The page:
“Yes, there is a certain portion of the population that would support those different agencies and arts organizations,” she said, “but as a city everyone benefits from what they do. It does make sense to me that if we’re a city of the arts, we should fund the arts.”

Funding for organizations designated as “arts and sciences community agencies” in the proposed budget is down 2 percent from $614,120 the previous year. The budget includes $247,540 for the arts council, $170,630 for SciWorks, $73,130 for the National Black Theatre Festival, $48,000 for Old Salem, $36,570 for RiverRun International Film Festival and $25,000 for the Piedmont Triad Film Commission. Reynolda House Museum of American Art, which received $12,500 last year to support an exhibit of the late artist Romare Bearden, did not request funds this year.

The Institute for Dismantling Racism is requesting $60,000 and Creative Corridors is seeking $15,000 to pay for public engagement work. The requests are not included in the current budget. The Rev. Willard Bass, executive director of the Institute for Dismantling Racism and a prominent social-justice advocate, and Russell DuBois, executive director of Creative Corridors, each appeared before council last week to plead the cases of their respective organizations.

The so-called “community and business development” agencies slated to receive taxpayer funds include a vast array of organizations engaged in housing, employment, economic development and social assistance work.

The budget eliminates funding for Harry Veterans Community Outreach Services and the National Association for Black Veterans, but allocates $12,500 for the NC Housing Foundation’s Veterans Helping Veterans Heal project.

It increases funding for Experiment in Self-Reliance’s tax preparation program by 623 percent — from $4,150 to $30,000.

A new recipient is the NAACP, which is slated to receive $78,000 to support the “rehabilitation/renovation of a community center and development of a community center,” according to the proposed budget.

The budget eliminates funding for the Piedmont Triad Regional Council of Government’s summer youth employment program, while adding $200,000 for the Urban League’s workforce development training program and Winston-Salem Industries for the Blind. It eliminates funding for SG Atkins Community Development Corp. and Ujima Community Development Corp. while adding $375,000 for Union Community Development Corp.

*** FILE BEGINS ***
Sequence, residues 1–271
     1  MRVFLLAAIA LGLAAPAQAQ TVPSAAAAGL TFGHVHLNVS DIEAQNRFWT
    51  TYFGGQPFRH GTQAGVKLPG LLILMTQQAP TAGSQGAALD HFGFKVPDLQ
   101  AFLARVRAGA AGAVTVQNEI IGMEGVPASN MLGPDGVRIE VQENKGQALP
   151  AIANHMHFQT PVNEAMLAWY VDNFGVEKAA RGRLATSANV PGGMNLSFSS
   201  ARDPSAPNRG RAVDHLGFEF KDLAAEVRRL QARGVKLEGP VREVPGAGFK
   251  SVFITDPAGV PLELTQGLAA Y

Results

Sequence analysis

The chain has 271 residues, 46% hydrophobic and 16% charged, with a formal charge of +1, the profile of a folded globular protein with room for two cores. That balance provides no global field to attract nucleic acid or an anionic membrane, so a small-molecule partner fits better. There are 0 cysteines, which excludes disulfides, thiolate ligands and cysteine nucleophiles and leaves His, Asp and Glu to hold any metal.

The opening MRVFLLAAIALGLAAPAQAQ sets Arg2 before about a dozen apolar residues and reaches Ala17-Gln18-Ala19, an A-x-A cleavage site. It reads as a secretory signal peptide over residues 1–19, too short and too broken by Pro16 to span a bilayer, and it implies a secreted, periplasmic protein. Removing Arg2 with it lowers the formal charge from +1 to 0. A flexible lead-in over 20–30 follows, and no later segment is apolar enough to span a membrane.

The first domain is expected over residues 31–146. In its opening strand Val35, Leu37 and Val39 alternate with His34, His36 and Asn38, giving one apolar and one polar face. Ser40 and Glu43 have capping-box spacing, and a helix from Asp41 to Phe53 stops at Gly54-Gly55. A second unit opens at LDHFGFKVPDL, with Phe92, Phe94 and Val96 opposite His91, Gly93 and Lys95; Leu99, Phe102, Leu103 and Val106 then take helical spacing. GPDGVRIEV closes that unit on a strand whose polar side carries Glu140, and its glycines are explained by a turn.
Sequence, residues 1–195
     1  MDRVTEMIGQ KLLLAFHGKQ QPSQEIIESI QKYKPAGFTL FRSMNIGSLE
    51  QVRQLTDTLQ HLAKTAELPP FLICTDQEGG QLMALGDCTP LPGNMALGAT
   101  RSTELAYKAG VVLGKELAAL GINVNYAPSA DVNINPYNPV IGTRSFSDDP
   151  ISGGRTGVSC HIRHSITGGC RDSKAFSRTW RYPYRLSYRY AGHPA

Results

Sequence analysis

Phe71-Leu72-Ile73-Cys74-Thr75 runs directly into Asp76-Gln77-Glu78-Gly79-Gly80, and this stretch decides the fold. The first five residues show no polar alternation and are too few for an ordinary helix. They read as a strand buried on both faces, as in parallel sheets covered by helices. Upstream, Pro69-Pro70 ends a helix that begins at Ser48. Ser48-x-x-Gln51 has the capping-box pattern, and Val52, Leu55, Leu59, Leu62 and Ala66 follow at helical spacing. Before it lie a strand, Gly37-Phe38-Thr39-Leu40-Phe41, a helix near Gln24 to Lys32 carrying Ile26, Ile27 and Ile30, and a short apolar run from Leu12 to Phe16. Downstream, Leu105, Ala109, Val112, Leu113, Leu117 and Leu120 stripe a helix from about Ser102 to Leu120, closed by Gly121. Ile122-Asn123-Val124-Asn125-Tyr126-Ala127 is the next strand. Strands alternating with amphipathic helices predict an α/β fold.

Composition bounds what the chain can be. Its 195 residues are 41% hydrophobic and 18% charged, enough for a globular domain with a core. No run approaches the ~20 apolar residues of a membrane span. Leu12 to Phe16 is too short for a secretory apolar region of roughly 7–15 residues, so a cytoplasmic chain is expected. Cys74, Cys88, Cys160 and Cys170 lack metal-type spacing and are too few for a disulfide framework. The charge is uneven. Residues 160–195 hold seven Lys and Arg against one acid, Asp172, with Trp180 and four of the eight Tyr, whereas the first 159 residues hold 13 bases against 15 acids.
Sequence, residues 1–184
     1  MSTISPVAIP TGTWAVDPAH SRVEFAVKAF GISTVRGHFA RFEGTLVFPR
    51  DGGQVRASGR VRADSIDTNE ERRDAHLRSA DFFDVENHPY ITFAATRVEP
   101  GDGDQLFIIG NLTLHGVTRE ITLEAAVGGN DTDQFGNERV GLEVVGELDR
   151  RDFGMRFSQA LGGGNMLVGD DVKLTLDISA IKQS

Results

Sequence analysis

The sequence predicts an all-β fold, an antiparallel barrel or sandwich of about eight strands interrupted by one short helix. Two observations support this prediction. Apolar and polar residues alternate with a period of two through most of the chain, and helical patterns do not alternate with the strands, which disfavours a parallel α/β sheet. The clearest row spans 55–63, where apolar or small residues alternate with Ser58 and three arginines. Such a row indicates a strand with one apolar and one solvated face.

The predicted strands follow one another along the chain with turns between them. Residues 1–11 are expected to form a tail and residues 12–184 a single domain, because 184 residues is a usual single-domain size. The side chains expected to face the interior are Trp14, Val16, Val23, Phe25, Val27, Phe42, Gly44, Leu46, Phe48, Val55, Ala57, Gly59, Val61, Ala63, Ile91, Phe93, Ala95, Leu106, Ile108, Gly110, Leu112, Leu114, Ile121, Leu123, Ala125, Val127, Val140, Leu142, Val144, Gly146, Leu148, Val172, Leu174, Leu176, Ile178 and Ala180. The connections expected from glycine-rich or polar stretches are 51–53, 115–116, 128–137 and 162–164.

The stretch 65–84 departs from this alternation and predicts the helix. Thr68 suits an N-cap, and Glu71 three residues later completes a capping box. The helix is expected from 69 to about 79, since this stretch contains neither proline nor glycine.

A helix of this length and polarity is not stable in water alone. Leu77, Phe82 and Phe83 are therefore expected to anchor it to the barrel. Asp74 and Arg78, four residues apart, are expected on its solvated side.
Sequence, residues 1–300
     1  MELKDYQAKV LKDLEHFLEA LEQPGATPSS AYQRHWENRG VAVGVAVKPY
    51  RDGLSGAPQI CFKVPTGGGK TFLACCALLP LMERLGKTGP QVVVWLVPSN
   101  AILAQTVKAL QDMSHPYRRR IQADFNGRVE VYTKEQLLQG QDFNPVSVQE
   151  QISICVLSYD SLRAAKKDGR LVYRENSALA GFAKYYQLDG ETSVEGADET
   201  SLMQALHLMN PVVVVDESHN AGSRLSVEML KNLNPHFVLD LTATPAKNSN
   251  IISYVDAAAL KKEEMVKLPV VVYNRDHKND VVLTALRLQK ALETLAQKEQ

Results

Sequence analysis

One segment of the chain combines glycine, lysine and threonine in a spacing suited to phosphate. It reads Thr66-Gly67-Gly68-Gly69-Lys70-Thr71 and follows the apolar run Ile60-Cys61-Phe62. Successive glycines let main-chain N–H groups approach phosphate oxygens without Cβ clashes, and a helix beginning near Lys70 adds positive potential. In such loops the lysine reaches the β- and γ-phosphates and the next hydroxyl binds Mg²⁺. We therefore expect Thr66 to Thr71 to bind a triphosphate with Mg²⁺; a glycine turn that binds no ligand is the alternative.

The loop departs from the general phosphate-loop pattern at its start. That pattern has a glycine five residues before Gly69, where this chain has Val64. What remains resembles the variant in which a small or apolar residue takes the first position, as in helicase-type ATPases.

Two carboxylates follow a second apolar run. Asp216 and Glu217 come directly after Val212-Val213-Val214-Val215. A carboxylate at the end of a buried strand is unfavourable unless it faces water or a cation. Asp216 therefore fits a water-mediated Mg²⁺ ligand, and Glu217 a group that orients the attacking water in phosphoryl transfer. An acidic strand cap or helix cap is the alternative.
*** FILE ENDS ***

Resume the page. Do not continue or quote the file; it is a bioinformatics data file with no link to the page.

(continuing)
It increases funding to the Winston-Salem Foundation for Neighbors for Better Neighborhoods from $21,170 to $37,170. The budget increases funding for the Housing Authority of Winston-Salem’s tenant-based rental assistance program from $157,000 to $190,000.

The budget increases funding to Liberty-East Redevelopment Corp. and allocates $8,820 to Liberty Community Development Corp., whose president, Jim Shaw, is Mayor Allen Joines’ reelection campaign co-chair.

The budget eliminates 52 positions, including 28 employees of Lawrence Joel Veterans Memorial Coliseum and Bowman Gray Stadium. The city is in the process of offloading the two facilities, and employees will be eligible for hire by the new owners, Wake Forest University and Winston-Salem State University.

The budget for the police department will take a substantial hit, with the elimination of 10 grant-funded officer positions, for a total savings of about $547,000. The proposed budget also calls for the elimination of a vacant information-systems analysis and two crime-analyst positions. Assistant Chief David Clayton said one of the positions was vacant and the other crime analyst has landed a job with the Fort Worth Police Department.

On the recommendation of the Citizens’ Organizational Efficiency Review Committee, the budget calls for the fire department to stop responding to what the city deems “non-emergency medical incidents” to save $145,000. Also upon recommendation from the efficiency committee, the budget calls for elimination of a fire inspector position to save $60,140.

The budget document includes a statement of reassurance: “The elimination of this position should have no impact on community safety, and the workload associated with this position will be spread to other fire personnel.”

International Association of Fire Fighters Local 682 President David Pollard publicly disagreed with the budget office on that point in late April.

On Monday night, uniformed firefighters waited outside a committee room at City Hall for the public safety committee to convene so they could let council members know their feelings yet again.


The Winston-Salem City Council holds a public hearing on the proposed fiscal year 2013-2014 budget in Room 230 of City Hall, located at 101 N. Main St., on June 17.